Top Education Schools in Kentucky

By | April 28, 2018

Your search has generated 4 top-ranked education schools in Kentucky. These colleges offer graduate study in field of education, leading to an Master degree. Check out the following table to see a list of major educational schools in the state of Kentucky, each with enrollment statistics, tuition fees and contact information.

  • USAERS: Lists of major rivers and mountains within state of Kentucky. Also includes main lakes and reservoirs in Kentucky.

List of Best Education Colleges in Kentucky

Rank Education University
1 University of Louisville
Cardinal Boulevard and First Street
Louisville, KY 40292
School: College of Education & Human Development
In-State Tuition: $9,144 per year
Out-of-State Tuition: $19,026 per year
Enrollment: 515
2 University of Kentucky
103 Dickey Hall
Lexington, KY 40506
School: College of Education
In-State Tuition: $8,820 per year
Out-of-State Tuition: $18,688 per year
Enrollment: 534
3 Western Kentucky University
1906 College Heights Boulevard
Bowling Green, KY 42101
School: College of Education and Behavioral Sciences
In-State Tuition: $8,320 per year
Out-of-State Tuition: $9,220 per year
Enrollment: 246
4 Spalding University
851 S. Fourth Street
Louisville, KY 40203
School: College of Education
In-State Tuition: N/A
Out-of-State Tuition: N/A
Enrollment: N/A

Top Education Schools in Kentucky

Recent History of Kentucky

Kentucky was a “border” state between the slave-owning South and the “free” North of the United States. Very close, across the Ohio River, slavery was banned. No wonder so many slaves fled north. The story of Margaret Gardner, a black slave from Kentucky, received wide publicity. In 1856, Margaret fled to Ohio with her family, but the chase overtook the fugitives. Margaret Gardner killed her two-year-old daughter, not wanting to see her in slavery. She was given the nickname “Modern Medea”, and her story has served as the basis for poems, novels and operas.

With the outbreak of the Civil War, US President Abraham Lincoln turned to Kentucky Governor Beria Magofin with a request to provide troops to defend the Union. Magofin replied: “I will not give either a soldier or a dollar to conquer the fraternal southern states.” In May 1861, Kentucky declared neutrality, which it maintained until September, when Southern troops invaded the state. In response to the Confederate invasion, Northern General Ulysses Grant also committed troops to Kentucky.

After disputes and disagreements, the General Assembly of the Commonwealth of Kentucky declared support for the Union and President Lincoln. This decision further divided the population of the state, the war was truly “civilian” here, neighbors, friends and even relatives found themselves on opposite sides of the front. More than thirty thousand Kentuckians fought for the Confederacy, and over sixty thousand fought in the Union Army.

Several major battles of the American Civil War took place on the lands of Kentucky, including the Battle of Mill Springs, the Battle of Perryville and others.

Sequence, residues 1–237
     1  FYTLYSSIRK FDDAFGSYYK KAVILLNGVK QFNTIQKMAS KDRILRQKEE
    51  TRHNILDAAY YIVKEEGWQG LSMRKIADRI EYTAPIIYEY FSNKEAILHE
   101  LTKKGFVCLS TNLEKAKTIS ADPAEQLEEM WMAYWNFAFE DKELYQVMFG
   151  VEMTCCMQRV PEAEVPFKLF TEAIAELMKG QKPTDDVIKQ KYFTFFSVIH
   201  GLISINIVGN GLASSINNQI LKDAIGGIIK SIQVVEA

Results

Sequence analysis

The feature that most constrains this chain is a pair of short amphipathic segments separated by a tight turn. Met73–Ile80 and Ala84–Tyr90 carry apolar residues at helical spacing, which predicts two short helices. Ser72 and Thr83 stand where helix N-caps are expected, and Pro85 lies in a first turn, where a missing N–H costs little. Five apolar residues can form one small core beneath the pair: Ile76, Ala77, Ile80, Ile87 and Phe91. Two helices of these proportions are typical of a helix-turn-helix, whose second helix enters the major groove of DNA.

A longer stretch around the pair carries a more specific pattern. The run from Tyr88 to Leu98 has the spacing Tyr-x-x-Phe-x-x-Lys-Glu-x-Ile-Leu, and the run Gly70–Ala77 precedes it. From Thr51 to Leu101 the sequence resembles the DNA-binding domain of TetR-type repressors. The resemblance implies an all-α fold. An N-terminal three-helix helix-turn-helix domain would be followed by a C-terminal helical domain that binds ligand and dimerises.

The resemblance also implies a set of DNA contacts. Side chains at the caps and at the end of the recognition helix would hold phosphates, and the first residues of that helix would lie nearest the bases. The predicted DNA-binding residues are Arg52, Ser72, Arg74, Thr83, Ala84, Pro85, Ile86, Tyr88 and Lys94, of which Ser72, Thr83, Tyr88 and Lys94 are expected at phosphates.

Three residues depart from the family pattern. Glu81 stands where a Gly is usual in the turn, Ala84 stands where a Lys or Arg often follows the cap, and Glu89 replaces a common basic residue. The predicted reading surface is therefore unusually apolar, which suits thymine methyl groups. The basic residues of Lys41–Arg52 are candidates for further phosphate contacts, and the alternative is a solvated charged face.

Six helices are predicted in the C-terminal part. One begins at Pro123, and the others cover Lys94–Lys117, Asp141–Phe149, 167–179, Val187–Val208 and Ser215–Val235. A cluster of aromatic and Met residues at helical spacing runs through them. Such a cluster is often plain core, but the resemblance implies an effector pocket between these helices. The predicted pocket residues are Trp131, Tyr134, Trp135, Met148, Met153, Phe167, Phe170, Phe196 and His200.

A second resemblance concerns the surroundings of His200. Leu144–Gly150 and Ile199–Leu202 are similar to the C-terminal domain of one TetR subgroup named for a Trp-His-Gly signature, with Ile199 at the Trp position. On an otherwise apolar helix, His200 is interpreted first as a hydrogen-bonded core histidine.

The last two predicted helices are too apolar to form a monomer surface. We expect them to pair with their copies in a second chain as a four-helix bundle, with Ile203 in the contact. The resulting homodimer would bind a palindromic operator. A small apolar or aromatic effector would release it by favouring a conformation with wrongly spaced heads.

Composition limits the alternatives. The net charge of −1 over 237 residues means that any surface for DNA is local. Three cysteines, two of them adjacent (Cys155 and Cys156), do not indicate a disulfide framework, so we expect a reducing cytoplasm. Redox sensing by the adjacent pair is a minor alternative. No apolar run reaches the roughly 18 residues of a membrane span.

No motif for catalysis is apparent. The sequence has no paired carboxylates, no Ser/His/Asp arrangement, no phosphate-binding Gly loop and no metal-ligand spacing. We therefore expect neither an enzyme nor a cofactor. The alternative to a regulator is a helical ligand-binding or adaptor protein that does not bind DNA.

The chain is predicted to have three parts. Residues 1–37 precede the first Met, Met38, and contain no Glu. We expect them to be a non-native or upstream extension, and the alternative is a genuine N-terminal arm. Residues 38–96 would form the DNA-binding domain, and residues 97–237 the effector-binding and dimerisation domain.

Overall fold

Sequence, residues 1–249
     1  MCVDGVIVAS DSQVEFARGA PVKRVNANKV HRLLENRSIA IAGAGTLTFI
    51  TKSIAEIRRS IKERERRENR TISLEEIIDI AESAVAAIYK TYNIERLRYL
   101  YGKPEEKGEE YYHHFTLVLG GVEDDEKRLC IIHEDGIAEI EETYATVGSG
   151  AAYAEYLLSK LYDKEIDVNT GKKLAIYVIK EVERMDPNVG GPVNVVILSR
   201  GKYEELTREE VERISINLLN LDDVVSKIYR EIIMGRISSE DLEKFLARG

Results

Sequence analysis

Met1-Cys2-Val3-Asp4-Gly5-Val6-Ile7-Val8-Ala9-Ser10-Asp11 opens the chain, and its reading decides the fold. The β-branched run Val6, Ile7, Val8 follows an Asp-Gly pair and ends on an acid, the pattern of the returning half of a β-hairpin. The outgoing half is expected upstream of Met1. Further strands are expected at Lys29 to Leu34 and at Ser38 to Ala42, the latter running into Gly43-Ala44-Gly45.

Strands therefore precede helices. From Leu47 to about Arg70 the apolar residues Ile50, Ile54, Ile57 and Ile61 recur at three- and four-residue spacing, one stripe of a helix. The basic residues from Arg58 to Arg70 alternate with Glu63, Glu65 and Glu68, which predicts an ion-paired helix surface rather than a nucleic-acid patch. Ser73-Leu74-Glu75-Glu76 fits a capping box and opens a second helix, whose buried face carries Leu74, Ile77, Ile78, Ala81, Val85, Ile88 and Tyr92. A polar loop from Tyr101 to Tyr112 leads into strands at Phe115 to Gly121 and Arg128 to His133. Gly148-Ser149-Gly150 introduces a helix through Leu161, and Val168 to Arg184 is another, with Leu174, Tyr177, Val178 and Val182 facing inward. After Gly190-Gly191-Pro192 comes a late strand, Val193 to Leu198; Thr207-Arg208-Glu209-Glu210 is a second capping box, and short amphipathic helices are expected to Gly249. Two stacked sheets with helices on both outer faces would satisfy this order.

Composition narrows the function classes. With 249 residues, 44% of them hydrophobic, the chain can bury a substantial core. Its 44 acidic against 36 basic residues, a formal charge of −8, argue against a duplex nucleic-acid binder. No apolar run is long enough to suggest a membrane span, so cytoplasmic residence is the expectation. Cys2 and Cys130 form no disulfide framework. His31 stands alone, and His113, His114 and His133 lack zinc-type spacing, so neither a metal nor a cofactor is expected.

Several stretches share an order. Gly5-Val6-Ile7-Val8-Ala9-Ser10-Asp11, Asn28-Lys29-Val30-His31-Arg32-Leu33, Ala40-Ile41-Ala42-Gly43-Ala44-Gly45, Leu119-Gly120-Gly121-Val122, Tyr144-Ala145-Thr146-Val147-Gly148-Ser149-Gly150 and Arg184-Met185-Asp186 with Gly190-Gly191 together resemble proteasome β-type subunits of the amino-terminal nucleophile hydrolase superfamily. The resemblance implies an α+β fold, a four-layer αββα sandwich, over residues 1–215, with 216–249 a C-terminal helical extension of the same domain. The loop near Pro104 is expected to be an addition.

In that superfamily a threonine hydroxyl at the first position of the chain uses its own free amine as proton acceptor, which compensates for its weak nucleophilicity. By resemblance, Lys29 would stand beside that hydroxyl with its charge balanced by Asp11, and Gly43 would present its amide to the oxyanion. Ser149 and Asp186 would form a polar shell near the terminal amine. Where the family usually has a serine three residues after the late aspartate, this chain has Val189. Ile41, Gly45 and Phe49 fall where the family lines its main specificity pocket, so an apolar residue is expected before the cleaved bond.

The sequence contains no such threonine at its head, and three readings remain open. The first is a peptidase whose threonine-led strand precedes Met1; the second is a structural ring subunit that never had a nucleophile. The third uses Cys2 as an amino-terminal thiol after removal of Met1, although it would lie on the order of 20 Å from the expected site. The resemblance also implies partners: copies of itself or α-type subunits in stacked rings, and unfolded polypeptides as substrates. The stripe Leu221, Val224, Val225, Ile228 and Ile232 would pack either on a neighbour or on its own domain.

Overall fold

The Civil War remained in Kentucky for a long time to come. The Ku Klux Klan was very strong in the state, and Franforth newspapers reported that from 1867 to 1881, more than a hundred black citizens in Kentucky were shot, hanged, or beaten to death.

The confrontation during the war years also caused the emergence in Kentucky, mainly in the mountainous regions in the east of the state, of a number of conflicts that escalated into a blood feud, a vendetta. The most famous feud was between the Hatfield and McCoy families, who lived on opposite banks of the Tag Fore River, the Hatfields in West Virginia, and the McCoys in Kentucky. It all started in 1865, when Harmon McCoy, discharged from the Union army due to an injury, was killed. One of the Hatfields, Jim Vance, who openly declared hatred for the soldier who fought for the northerners, was suspected of murder, but no one was ever punished.

In 1880, the conflict flared up again when Bill Staton, who testified in court over a property dispute in the Hatfield crawl, was killed by two McCoy brothers. The situation was further complicated by the romantic love story between Susannah McCoy (later called the “Juliet of the Mountains”) and Johnson Hatfield.

The feud continued until 1891, eleven people from both families were killed and several more were wounded. The bloody feud attracted the attention of the authorities, as a result, eight people were brought to trial. Seven people were sentenced to life imprisonment and one was hanged.

The war between the Hatfield and McCoy families entered US history and US folklore, a book was written based on it and several films were shot.

The 1899 Kentucky gubernatorial election ended in tragedy. Republican candidate William Taylor won the election, but he won only a little more than two thousand votes more than his main rival, Democratic candidate William Goebel. The Democrats announced the falsification of the voting results and organized a commission to investigate violations committed during the elections. Armed Kentuckians flocked to Frankfort as the state threatened civil war.